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Stop calling it class warfare

Robert Reich

Kai Ryssdal: President Obama went to the United Nations today. In amongst his thoughts on the Israeli Palestinian question were some suggestions about the global economy: Urgent and coordinated action is what the White House wants.

As you know, the administration released its plan to cut the deficit earlier this week, which has brought us straight back to the same old narrative: taxes or spending cuts?

And that brings us to commentator Robert Reich.


Robert Reich: It is not "class warfare" to ask the rich to pay their fair share of taxes to bring down America's long-term debt.

After all, the richest 1 percent of Americans now takes home more than 20 percent of total income. That's the highest share going to the top 1 percent in 90 years. And they now pay at the lowest tax rates in half a century.

Before 1981, the top marginal tax rate in America was more than 70 percent. And now it's half that, and besides, most of the very wealthy take their income in capital gains. And that's now taxed at 15 percent -- down from 35 percent as recently as the 1980s.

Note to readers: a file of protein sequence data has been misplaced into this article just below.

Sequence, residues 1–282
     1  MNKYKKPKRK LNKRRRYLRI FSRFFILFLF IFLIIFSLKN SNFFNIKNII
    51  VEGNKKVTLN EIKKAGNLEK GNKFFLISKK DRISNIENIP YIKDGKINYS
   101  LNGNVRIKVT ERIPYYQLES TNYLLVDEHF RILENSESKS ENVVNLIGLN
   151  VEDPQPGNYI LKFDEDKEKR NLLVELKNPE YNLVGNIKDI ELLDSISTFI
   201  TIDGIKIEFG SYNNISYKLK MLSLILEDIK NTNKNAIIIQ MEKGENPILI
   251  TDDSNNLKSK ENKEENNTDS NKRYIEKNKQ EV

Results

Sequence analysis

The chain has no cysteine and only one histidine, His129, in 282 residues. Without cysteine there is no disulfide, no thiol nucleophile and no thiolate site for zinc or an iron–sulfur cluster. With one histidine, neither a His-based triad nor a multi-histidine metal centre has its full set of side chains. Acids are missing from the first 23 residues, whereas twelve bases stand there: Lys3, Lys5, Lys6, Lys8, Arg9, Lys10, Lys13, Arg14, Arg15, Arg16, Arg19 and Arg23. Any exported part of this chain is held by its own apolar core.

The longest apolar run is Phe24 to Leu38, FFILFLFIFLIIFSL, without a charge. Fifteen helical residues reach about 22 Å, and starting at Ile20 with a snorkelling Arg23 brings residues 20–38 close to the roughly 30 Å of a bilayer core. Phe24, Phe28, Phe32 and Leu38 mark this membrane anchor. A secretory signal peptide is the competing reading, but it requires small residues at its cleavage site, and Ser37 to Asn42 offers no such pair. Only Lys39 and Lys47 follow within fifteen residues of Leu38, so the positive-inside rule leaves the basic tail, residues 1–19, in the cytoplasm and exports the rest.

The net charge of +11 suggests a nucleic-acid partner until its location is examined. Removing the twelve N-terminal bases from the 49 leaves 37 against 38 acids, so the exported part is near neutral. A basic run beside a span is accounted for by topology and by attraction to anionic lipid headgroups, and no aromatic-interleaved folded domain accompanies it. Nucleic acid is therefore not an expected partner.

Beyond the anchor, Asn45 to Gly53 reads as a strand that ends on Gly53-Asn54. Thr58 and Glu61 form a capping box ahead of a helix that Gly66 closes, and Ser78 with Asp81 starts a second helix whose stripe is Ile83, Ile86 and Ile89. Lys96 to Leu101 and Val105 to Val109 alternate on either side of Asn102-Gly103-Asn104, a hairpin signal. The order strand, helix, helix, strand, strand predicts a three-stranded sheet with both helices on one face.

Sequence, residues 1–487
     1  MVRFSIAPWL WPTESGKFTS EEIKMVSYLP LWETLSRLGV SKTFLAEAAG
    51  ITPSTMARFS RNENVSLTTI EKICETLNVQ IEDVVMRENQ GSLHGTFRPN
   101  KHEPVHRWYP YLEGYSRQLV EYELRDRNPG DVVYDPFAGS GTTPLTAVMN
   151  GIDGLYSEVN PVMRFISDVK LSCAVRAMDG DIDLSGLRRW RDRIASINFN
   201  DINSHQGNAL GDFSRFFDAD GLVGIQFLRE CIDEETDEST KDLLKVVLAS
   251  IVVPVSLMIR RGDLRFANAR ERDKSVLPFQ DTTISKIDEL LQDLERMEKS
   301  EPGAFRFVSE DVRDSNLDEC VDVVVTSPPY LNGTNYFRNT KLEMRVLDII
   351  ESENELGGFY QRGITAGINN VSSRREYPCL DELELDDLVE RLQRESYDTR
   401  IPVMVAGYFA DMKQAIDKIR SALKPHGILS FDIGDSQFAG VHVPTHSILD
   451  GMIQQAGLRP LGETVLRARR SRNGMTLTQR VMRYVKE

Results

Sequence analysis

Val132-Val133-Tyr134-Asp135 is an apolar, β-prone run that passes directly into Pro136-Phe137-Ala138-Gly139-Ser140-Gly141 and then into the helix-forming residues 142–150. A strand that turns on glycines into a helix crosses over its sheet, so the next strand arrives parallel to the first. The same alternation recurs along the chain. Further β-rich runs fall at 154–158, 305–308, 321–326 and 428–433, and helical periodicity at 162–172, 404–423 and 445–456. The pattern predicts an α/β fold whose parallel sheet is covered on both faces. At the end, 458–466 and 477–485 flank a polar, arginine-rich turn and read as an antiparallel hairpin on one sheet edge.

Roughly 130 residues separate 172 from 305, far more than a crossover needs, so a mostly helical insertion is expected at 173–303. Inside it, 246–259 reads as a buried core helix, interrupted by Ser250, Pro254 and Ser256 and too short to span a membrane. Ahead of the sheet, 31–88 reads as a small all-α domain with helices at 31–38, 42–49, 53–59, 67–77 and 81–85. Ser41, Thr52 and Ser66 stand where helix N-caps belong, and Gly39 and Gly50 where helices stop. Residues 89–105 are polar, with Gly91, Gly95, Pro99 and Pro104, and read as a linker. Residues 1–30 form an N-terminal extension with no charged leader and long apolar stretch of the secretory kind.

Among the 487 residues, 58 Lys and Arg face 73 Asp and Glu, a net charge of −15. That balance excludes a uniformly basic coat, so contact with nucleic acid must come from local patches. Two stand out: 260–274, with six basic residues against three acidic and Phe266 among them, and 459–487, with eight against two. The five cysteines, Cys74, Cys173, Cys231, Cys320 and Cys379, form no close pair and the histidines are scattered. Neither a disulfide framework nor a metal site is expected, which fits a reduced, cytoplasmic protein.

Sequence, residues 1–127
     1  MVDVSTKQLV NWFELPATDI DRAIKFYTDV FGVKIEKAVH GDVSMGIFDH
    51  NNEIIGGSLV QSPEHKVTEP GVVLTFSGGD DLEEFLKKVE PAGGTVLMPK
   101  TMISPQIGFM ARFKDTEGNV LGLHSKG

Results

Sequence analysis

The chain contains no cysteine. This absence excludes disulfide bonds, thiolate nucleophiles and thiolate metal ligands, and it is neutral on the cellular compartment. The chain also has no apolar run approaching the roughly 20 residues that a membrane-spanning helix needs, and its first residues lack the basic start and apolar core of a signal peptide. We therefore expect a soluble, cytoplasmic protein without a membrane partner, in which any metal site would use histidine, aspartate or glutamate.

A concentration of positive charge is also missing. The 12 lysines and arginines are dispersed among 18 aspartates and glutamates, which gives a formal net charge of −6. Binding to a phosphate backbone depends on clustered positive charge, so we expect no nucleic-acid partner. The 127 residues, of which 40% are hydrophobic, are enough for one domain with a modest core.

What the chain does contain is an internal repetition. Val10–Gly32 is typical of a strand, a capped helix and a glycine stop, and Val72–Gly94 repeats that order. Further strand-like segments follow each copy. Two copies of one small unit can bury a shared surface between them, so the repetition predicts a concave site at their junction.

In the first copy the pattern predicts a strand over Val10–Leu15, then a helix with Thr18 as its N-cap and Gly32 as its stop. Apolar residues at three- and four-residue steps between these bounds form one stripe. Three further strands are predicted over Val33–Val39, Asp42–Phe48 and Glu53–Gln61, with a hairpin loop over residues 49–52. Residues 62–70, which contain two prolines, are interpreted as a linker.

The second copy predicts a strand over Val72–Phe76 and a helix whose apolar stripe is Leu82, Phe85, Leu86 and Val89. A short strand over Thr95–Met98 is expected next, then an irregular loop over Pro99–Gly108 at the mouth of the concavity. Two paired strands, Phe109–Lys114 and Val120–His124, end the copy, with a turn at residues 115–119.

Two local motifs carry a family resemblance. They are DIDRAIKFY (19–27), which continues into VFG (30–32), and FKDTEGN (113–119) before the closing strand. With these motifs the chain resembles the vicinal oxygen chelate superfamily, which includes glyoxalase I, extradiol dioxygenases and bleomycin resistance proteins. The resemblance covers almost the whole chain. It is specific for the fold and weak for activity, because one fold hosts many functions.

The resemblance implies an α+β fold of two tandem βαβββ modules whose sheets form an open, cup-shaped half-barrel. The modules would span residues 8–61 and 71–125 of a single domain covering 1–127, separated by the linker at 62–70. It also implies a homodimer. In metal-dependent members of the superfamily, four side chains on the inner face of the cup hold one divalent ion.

Anyone who says the American economy suffers when the rich pay more in taxes doesn't know history. We grew faster the first three decades after World War II -- when taxes were higher -- than we have since.

And look: If the rich don't pay their fair share, the rest of us have to bear more of a burden. And that burden comes in the form of either higher taxes or fewer public services.

If anything, the people who have declared class warfare are those at the top of big corporations and Wall Street -- and they've declared it on average workers. The ratio of corporate profits to wages is higher than it's been since before the Great Depression. And even as corporate salaries and perks keep rising, the median wage keeping dropping, and jobs continue to be shed.

I mean, you've got the chairman of Merck taking home $17.9 million last year. And then this year Merck announces plans to boot 13,000 workers. The CEO of Bank of America takes home $10 million, and the bank announces it's firing 30,000 workers.

Call me old-fashioned, but the way I see it, we've got a huge budget deficit and a huge jobs problem. And under these circumstances it seems to me people at the top who have never had it so good should sacrifice a bit more, so the rest of us -- who haven't had it as bad in decades -- don't have to sacrifice quite as much.